When it comes to quality healthcare, is it possible to put an actual value on it when paying for it? The Mayo Clinic, along with several other healthcare organizations, think so and have been asking policymakers considering healthcare reform at the federal level to examine ways to compensate for value instead of volume.
The clinic’s solution: inserting a value index into various aspects of the Medicare payment system such as physician fee schedules and hospital rates.
"What the value index would do in our opinion is create incentives for physicians and hospitals to work better together to coordinate and integrate care for patients," said Bruce Kelly, Mayo Clinic's director of government relations.
"There are many examples around the country of areas that have very high quality of care and much lower overall costs. And the key to achieving that seems to be basically better coordination of care," he said. "[These are] the incentives that we're trying to build into the reimbursement system."
To get started, the use of a value indexing within a reimbursement system is proposed. An equation is used in which "V" stands for value: V=Q/C. Quality (Q), for instance, represents clinical outcomes, safety, and patient satisfactions, while cost (C) represents the costs over time.
"So the better your quality and the lower your total costs, then the higher your index number would be," Kelly explained. In turn, a provider's payment could be bumped up to reflect that quality care.
"We're trying to emphasize value. We're saying if you want value, you've got to pay for value. And so, if you're going to pay for value, you've got to measure it and then adjust reimbursements accordingly," Kelly said.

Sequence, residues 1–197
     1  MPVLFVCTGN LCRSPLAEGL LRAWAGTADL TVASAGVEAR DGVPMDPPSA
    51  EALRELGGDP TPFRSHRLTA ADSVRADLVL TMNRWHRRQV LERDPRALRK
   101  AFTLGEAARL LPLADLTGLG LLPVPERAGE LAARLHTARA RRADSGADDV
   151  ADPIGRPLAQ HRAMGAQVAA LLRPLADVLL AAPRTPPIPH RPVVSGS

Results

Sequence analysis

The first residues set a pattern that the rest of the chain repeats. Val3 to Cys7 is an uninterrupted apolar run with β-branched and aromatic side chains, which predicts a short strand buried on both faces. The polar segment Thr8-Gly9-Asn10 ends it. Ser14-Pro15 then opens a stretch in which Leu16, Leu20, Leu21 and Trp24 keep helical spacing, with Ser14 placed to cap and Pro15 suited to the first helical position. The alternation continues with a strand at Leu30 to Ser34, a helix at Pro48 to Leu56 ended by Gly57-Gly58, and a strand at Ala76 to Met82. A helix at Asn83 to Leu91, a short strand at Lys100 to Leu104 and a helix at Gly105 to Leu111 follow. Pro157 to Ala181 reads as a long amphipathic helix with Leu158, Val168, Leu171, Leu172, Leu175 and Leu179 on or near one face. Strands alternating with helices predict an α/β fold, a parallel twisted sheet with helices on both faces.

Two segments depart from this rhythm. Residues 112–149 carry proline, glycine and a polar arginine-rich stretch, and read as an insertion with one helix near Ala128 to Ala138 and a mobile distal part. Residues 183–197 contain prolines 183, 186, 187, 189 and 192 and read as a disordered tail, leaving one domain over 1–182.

The use of value indexing can be applied using current payment formulas and payment areas, such as physician fee schedules. It also can use state-related data, for instance, obtained from the Commonwealth Fund or the Agency for Healthcare Research and Quality. No particular measures, though, are specified in the value index proposal since there are a variety of sources out there to measure quality, Kelly noted.
Aside from creating incentives for physicians, hospitals and other providers to better coordinate patient care, the approach Mayo advocates eliminates the need to focus on line items or micromanagement of services, such as imaging or lab utilization, Mayo told the Senate Finance Committee in a comment paper on policy options earlier this year.
Kelly does note that by looking at general quality measures that are out there—and looking at the Dartmouth Atlas data—"that we have a pretty good idea" of which states and small regions "are producing good quality at a lower cost—and so we could kind of in general figure out initially who would come out better under this and who would not."